DEAR MISS MANNERS: Our 13-year-old daughter has an opportunity to take a trip to Washington, D.C. The trip will be chaperoned by teachers and will be a wonderful opportunity.

However, the cost of the trip is not something we had budgeted. My husband and I both have good jobs and are considered middle-class. We could probably swing the cost of the trip (with some difficulty). To lighten the burden, we were thinking of having our daughter send a letter to family and close friends telling them about the trip and asking for their sponsorship. Is this tacky?

Gentle Reader: For the destitute, begging is humiliating. For anyone with income, to do so is simply crass. How often have you volunteered to help these people with their discretionary expenses?

Mind you, Miss Manners understands that you want to send your daughter on this trip because you want her to have an educational experience. As rewarding as that might be, it would be far more educational for her to learn that responsible people do not incur financial burdens that they cannot afford, and that they do not expect to shove such burdens onto others.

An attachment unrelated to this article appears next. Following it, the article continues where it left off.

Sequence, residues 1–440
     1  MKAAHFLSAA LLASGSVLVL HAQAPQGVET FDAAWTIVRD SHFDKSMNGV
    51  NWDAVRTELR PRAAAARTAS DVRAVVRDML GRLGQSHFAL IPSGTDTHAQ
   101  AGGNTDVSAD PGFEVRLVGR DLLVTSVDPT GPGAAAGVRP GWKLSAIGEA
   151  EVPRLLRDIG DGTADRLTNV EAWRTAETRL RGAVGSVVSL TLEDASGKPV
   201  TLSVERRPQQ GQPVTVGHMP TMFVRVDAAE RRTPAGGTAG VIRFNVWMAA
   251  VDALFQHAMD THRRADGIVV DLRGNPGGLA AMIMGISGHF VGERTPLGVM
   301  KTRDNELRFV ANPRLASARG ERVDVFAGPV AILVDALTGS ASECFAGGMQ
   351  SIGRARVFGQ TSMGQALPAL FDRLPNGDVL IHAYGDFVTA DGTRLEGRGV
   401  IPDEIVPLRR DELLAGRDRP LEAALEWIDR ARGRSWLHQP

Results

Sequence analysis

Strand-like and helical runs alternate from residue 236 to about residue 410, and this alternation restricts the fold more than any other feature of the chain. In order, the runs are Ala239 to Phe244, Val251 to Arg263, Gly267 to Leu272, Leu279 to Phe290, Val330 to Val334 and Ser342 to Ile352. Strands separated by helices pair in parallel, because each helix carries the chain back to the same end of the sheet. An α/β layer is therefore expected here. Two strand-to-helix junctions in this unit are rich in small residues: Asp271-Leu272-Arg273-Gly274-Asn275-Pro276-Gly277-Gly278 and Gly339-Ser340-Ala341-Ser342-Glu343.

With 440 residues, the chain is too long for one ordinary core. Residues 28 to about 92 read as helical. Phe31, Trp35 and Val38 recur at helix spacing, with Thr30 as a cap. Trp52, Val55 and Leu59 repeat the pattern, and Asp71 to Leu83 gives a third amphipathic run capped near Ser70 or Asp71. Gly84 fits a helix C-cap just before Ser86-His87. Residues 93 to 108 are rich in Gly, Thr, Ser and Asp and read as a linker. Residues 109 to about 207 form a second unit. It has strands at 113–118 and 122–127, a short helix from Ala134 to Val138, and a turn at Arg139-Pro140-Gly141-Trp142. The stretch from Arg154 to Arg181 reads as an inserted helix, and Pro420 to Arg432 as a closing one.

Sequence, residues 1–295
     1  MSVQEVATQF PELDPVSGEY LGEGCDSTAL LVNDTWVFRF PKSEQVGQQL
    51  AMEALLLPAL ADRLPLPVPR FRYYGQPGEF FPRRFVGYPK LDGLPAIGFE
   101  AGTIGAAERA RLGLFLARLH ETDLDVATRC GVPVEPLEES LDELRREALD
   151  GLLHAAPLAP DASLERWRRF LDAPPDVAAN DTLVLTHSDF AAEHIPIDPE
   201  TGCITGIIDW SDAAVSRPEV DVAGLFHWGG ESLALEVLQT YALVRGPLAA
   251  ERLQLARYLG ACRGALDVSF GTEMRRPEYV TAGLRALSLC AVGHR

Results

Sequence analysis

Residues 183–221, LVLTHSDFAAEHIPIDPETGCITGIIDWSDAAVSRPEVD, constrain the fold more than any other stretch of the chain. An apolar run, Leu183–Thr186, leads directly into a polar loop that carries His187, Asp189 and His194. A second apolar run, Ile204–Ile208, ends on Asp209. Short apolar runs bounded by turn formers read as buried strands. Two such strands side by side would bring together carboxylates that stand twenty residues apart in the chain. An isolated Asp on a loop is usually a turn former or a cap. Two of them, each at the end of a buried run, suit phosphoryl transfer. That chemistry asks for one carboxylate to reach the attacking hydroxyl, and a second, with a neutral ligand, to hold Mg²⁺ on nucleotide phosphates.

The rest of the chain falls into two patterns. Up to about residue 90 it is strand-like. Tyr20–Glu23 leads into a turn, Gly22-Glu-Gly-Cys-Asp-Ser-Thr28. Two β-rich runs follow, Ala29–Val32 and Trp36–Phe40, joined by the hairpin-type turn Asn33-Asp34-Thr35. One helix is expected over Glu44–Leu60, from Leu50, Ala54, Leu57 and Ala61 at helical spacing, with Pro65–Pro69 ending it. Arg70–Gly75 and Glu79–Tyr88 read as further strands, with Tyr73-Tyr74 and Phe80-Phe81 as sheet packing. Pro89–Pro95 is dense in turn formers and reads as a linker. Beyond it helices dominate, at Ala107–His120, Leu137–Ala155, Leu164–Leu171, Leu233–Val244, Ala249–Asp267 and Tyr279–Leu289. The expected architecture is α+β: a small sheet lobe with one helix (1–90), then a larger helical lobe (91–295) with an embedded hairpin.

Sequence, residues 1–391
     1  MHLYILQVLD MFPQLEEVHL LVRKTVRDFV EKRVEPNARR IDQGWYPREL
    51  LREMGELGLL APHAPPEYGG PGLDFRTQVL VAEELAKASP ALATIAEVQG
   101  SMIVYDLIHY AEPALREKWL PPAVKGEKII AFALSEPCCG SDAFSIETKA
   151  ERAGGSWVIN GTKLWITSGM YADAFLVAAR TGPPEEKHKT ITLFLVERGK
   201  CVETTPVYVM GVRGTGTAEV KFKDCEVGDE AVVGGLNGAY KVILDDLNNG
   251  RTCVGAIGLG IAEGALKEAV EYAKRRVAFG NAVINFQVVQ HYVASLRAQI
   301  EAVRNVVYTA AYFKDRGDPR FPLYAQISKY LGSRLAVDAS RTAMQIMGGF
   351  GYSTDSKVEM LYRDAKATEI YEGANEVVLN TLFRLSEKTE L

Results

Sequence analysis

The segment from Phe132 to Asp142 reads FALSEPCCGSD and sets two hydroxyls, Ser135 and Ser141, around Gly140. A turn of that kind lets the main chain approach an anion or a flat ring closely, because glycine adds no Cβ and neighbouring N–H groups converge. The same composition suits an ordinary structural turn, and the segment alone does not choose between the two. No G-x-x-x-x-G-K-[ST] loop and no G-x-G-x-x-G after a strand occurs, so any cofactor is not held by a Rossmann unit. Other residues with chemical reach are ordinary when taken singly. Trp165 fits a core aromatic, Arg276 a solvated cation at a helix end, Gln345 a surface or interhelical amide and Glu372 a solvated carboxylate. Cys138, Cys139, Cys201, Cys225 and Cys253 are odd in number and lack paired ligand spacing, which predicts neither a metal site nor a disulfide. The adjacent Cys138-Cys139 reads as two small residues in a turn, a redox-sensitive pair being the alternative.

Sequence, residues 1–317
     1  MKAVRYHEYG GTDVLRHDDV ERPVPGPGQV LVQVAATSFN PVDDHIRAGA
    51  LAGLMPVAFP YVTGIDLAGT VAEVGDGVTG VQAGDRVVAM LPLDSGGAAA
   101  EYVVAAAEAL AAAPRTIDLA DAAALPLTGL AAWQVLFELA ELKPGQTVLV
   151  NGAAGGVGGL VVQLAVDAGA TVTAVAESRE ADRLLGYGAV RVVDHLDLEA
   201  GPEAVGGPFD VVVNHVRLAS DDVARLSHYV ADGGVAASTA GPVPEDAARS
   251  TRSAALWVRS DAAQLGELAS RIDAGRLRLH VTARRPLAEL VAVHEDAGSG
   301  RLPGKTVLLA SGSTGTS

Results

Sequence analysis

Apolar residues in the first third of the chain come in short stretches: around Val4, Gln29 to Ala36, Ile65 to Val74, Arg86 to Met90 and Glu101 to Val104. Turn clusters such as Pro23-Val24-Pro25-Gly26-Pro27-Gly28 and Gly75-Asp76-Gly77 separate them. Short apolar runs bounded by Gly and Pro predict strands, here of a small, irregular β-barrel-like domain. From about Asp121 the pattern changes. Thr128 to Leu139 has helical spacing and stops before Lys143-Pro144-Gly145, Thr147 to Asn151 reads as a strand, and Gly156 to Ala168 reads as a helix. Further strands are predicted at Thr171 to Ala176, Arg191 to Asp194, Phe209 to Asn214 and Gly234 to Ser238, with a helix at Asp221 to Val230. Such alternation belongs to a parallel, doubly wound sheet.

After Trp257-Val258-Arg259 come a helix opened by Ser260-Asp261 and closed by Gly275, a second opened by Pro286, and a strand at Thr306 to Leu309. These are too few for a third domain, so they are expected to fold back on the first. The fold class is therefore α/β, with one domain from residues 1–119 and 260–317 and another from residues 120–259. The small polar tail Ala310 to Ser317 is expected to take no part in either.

Dear Miss Manners: I received an e-mail from a friend, sent to me and many others, inviting the recipients to attend her wedding online. On the proper day, at the proper time, we're to click on the link she provided, and we'll be able to see the wedding as it happens.


The bride and groom are getting married in a town across the country, and I imagine this is a novel way of having people who probably couldn't come anyway still "attend" the wedding. It will be interesting to see how it works out.

How do I proceed? Do I "accept" the invitation? Do I send a gift because I'm watching the wedding, but not actually attending? Is a gift required when one is invited to an online wedding? I realize I can send a gift because I care about her, but I don't know if I have to send one under these circumstances.

Gentle Reader: Consider yourself in the position of someone to whom a bride has offered to show her wedding pictures or, if you are unlucky, the wedding video. (Oh, dear. Miss Manners didn't mean that. Of course they are lovely, dear.)

You may be delighted to see them, or you may feel cornered, but you surely cannot confuse the experience with being a wedding guest. Seeing it in real time does not incur such obligations as responding or sending a present -- only that of wishing the bride well.

Miss Manners appears Sundays, Mondays and Fridays. E-mail her at